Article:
Monday, September 16, 2013

THE CIRCLE TOUR: Part 2 - The Comfort of a Forest

- Some weeks ago we made a 913 mile trip around Lake Michigan, known as the Circle Tour. These are our trip logs. -

(Catch Up: Part 1 Here.)

Part 2: The Comfort of a Forest
Leg: Manitowoc to the Hiawatha Forest
Route: I-43 > M-35 > US-2 > NF13

Log Entry: Kara P.

The day that I told Dave “I might want my own bike” I had an email full of craigslist finds and by the next day owned the SR 250. Without really trying to become a motorcycle person, it just happened to me. Maybe it’s because I had dirty nails for a year in the garage, or because I poured lots of time and money into her details, but I really love this machine. As an animal lover I can only compare it to how people feel about pets. You love them and they love you back in their own little way, even if you can’t prove it. It brings experiences that you wouldn’t have otherwise, some you will love and some you won’t, but they will form a relationship between you and your machine. Riding a motorbike will quietly change you.

Maribel Caves 'Haunted' Hotel

When this road trip around Lake Michigan kicked off I had only clocked in a couple hundred miles of riding around Chicago. That quickly multiplied as we logged over a hundred miles a day for eight days at a max speed of 54mph. We camped when we could and got lost a lot. The best part of each day for me was waking up and riding to a diner for breakfast and coffee and then having absolutely nothing to do or think about beyond hitting some mile marker. It’s amazing how fast the time goes; the best indicator being how bad your ass hurts when you stop. Riding through the Hawaithan forest was the highlight of the trip for me, even though I was soaked to my socks. The long stretch of beautiful black road tunneled through the dense forest and we had it all to ourselves. The rain brought out the forest’s poignant pine aroma and I relaxed into Minnie’s cushion. At one point I was singing MIA ‘Sunshowers’ in my helmet. Even when things kind of suck on a motorcycle and you’re exposed to the elements or uncomfortable, it’s still pretty okay. Like Robert Pirsig said, “I argued that physical discomfort is important only when the mood is wrong. Then you fasten on to whatever thing is uncomfortable and call that the cause. But if the mood is right, then physical discomfort doesn't mean much.”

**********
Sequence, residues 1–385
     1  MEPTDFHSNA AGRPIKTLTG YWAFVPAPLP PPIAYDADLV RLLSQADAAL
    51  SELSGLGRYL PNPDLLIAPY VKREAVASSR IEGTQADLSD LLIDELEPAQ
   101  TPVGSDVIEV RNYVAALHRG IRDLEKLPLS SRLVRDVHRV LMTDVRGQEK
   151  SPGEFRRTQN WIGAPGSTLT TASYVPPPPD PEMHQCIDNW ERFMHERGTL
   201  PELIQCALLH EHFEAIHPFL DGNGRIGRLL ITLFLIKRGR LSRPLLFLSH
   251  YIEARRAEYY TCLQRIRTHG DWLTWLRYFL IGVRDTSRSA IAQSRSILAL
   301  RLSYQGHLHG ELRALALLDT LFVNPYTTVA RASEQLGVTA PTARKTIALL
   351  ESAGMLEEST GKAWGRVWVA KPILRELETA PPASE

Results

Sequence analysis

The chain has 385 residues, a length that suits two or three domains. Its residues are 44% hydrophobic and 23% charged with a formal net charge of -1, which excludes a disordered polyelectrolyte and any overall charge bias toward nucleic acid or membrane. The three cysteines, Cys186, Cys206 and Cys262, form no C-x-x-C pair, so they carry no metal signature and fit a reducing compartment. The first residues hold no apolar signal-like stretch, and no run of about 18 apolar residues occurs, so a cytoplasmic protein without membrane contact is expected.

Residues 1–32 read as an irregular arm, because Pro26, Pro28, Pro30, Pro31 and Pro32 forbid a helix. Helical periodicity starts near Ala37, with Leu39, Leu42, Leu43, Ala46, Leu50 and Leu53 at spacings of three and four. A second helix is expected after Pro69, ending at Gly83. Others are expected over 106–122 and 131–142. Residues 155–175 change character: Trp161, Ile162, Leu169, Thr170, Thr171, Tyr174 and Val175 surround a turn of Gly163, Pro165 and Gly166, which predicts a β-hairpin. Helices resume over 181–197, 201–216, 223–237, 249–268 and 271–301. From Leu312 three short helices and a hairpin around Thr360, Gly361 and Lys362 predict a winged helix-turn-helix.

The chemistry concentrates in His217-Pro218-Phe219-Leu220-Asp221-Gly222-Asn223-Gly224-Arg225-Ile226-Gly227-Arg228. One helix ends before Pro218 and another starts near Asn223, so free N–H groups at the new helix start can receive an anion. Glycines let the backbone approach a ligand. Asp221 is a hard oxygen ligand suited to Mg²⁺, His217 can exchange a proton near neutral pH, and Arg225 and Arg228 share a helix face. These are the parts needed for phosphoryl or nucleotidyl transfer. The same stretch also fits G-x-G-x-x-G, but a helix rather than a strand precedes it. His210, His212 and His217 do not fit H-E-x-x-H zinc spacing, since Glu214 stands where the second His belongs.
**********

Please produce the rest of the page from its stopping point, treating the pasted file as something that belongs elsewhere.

This trip was my ‘last hurrah’ before grad school and I anticipated the hours on the road would be a nice time for self-reflection. This didn’t happen… at all. Being on a motorcycle is not, for me anyway, a time to think. It’s actually a complete absence of thought, like meditation. I can see why most guys like it and even if only for this reason I recommend it to females. Let’s be real - we think too much. I found the physical escapism and taste for adventure that I expected from a motorcycle trip, plus a freedom from everyday mental stressors, and in a sense, myself.

Kara and the SR250: are shown carrying the One Man Tent by Poler Stuff and the Pickwick Day Pack by Brooks England, supplied by Kaufmann Mercantile.
Dave and the CX500: are shown carrying the Pathfinder Sleeping Pad by Field & Stream, the Boulder Pack 2.0 by Lexdray and the Explorer's Cap supplied by Huckberry.
Both helmets are the Gringo by Biltwell.


  1. Nicely written Kara! It's almost impossible to explain what one can get out of riding a motorcycle; they just have to experience it for themselves.

    We've got to get Dave a decent pair of motorcycle boots. His dainty ankles are too exposed

  2. hey guys. great pics and great bike build. i really dig the levers your using, can you tell me anything about them? are they stock yamaha? are they specific to the front drum your using and where did that come from? again, great build, nice read and good job...

    1. Seth, they're just stock Yamaha levers sandblasted to raw aluminum. But yea, the SR is drums front and rear so no need for a master cylinder.

    2. gotta love that clean bar look...

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  4. a very cool read and a great insight into the riding experience. you summed it up beautifully Kara!

  5. what type of helmets do you guys have? How's the ventilation?

    1. In hot weather I usually wear glasses so that the air comes through the face. I never had any fogging issues along the trip, but I've yet to test it in the cold weather.

  6. Helmets are the Gringo By Biltwell, i have the same question about the ventilation with the bubble shield